Google+, Jimdo, and the Future of the Open Web

by francine Hardaway on July 1, 2011

The launch of the  Google+ “field trial” has provoked a raft of blog posts. Thankfully, most of them have stuck to describing the feature set and have refrained from making judgments about the product’s future based on two days of trying it out. Andrew Hartung of Forbes, however, decided to go out on a limb and tell us that Google+ is a net negative for investors because it will never replace Facebook.

Along the way, he takes a swipe at the entire rest of the web:

Products like Facebook are emerging as platforms which can displace your need for a web site (why build a web site when all you need is on their platform?) or even email.  Their referral networks have the ability to be more powerful than a generic web search when you seek information.  And by tying you together with others like you, they can probably move you to products and buying locations you really want faster than a keyword Google-style search.  BNet.comheadlined “How Facebook Intends to Supplant Google as the Web’s #1Utility,” and it just might happen – as we see users are increasingly spending more time on Facebook than Google.

Fine, perhaps they are. But how can that be a reason a business doesn’t need a web site? I have been working with a global small business web site tool that has 4,000,000 users. Jimdo is a way for businesses, organizations, and individuals to have a web presence independent of Facebook’s whims. Many treat their Jimdo sites like brochures, or yellow page listings. Believe me, they are  more than a little afraid of Facebook as a marketing tool for their businesses. First, they don’t know how to market on Facebook, and second, they’ve gotten lousy results when they have tried.

Remember, over the last five years Facebook has changed its feature sets (fan pages, groups, brand pages), privacy rules (you can now turn off brands from your stream), and terms of service. Not to mention the issues Facebook has had with spam. And believe me, I’m as heavy a user of Facebook as the next guy; I just think it is dangerous for a small business to depend on. Unless someone in your business is going to monitor Facebook and engage in the conversation (which most small business owners don’t have time to do), you are better off having a Jimdo site as well. The small business owners (non-geeks) in our municipal training programs groan about Facebook marketing.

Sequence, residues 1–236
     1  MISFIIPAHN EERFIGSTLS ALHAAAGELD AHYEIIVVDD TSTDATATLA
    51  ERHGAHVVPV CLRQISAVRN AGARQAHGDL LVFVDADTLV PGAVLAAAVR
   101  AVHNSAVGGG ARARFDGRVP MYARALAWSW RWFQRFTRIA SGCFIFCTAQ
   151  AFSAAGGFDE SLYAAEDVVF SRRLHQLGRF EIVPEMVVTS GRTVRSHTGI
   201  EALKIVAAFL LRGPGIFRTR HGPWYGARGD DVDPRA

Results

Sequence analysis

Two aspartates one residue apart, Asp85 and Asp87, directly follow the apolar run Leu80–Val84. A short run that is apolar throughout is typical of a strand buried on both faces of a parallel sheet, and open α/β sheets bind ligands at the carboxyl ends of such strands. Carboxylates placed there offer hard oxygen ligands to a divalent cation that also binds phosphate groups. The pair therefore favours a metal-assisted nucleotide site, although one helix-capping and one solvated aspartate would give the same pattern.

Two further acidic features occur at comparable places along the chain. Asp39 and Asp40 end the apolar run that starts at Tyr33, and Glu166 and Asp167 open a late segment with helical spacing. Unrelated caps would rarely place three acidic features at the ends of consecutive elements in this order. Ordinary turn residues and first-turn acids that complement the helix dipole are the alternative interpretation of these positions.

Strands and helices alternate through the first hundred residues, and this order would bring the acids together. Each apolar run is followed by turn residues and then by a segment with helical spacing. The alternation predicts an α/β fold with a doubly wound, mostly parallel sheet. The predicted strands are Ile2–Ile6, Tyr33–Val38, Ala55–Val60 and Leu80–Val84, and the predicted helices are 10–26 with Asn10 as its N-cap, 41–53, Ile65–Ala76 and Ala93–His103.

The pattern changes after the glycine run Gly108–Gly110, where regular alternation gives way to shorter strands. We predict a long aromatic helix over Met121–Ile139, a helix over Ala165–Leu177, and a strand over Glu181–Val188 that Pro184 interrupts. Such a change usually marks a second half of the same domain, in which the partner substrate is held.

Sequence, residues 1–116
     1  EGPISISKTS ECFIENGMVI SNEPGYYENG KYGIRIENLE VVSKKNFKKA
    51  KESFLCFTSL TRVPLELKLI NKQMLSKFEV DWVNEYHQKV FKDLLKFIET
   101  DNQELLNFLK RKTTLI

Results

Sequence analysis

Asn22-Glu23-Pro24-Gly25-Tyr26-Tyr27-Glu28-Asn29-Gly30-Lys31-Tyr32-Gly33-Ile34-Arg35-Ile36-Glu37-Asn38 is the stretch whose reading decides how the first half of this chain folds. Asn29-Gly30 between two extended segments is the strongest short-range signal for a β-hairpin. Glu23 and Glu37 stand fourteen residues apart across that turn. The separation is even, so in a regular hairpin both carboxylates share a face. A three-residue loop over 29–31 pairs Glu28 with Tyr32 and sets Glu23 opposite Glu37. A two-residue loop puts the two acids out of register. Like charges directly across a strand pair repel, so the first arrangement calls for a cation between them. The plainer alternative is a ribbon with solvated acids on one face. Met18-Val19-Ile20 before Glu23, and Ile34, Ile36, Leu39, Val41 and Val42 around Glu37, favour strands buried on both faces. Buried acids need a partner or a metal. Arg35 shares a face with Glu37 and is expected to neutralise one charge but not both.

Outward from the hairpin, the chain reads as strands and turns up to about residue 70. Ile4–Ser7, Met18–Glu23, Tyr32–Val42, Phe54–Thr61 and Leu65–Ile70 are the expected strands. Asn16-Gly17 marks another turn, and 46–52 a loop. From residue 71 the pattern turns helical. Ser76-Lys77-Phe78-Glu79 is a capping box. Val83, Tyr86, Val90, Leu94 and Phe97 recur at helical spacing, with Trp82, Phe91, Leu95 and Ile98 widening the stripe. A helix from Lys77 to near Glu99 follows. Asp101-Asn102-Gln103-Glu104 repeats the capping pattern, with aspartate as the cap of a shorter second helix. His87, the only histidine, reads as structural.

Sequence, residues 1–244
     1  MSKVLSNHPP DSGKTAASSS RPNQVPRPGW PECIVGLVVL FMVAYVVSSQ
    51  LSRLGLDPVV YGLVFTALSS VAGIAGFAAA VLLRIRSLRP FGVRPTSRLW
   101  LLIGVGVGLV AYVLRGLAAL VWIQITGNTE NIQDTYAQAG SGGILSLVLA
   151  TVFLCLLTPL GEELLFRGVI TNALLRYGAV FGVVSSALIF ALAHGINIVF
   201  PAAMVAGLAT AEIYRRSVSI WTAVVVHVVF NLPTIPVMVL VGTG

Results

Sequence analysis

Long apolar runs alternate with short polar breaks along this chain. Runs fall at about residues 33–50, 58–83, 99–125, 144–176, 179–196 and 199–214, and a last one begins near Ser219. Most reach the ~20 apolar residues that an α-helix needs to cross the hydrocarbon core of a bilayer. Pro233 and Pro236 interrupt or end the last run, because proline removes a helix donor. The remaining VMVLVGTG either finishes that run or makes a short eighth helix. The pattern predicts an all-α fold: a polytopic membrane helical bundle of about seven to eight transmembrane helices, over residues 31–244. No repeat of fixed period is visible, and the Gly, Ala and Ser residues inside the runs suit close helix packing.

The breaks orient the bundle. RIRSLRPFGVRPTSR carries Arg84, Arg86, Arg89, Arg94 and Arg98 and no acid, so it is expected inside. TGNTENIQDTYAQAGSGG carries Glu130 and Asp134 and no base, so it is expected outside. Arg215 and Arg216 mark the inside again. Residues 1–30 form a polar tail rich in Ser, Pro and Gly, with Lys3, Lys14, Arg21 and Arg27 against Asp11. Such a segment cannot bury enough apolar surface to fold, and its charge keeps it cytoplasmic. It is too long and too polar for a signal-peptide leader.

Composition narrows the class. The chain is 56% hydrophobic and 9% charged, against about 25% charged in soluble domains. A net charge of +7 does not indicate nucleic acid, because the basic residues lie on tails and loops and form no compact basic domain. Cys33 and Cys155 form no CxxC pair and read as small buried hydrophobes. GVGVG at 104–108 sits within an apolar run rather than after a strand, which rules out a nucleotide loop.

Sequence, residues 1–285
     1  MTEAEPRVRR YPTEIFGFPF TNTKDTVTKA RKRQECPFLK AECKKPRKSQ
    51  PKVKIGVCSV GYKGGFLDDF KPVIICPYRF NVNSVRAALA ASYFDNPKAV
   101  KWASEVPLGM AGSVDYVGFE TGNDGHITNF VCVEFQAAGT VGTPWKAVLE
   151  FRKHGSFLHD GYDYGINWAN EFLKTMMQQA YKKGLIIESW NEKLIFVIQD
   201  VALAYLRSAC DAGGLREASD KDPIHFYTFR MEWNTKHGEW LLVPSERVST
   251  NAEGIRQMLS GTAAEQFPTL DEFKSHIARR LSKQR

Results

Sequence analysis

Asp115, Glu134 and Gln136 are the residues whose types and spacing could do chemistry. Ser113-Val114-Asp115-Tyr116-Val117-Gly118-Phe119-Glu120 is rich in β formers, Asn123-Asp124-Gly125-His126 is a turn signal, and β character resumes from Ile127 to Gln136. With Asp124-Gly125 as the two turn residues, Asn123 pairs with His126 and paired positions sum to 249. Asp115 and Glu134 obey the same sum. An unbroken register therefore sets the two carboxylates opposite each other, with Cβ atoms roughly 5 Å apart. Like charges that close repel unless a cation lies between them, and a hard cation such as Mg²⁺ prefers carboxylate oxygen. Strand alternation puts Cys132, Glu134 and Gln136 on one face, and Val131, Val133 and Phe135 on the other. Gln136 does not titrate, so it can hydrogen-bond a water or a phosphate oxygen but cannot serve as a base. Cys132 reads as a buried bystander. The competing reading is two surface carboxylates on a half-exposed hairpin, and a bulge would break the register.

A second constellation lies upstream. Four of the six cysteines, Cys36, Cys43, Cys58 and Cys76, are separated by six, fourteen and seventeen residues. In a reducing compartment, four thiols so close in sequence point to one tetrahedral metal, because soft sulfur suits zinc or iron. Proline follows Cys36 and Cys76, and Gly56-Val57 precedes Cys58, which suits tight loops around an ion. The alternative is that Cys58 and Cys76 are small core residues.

Even if Facebook was a good place for the average small business to be found as Andrew Hartung thinks it is, — and as someone who has coached 650 small businesses I know it is d not — putting your business life in the hands of someone else’s platform at the expense of the open web is a big mistake. That became obvious this week when MySpace was sold . Even before the sale, it had become obvious that the bands who had no other web site but their MySpace pages,had ceased to get the traffic and referrals they used to when MySpace was hot.

That will happen to Facebook as well; it’s inevitable in the evolution of the internet. As Hartung points out, we may be moving away from pure search as a way of finding things on the web, but that doesn’t mean we’re parked on Facebook. That’s why Google+ may be great for Google investors, not bad.

Google+ doesn’t have to be a Facebook killer. It can just be a nice way for Google to amass more information about its users,  perhaps wind that into its new search efforts. People don’t have to spend as much time on Google as they do on Facebook to be satisfied. As Marc Canter said on Google+, “it’s like comparing apples to grapefruits.”

I wrote this post in a fit of passion/pique, because this is one of the few times I think I know more than someone who writes for Forbes. On small business, I feel I am on safe ground. Andrew, do you know how many small business owners still type Facebook into a Google search bar to get to their log-ins

Who cares if Google+ will or won’t replace Facebook? That’s not even the right question, either for the Google investors, or for small business.


Leave a Comment

Previous post:

Next post: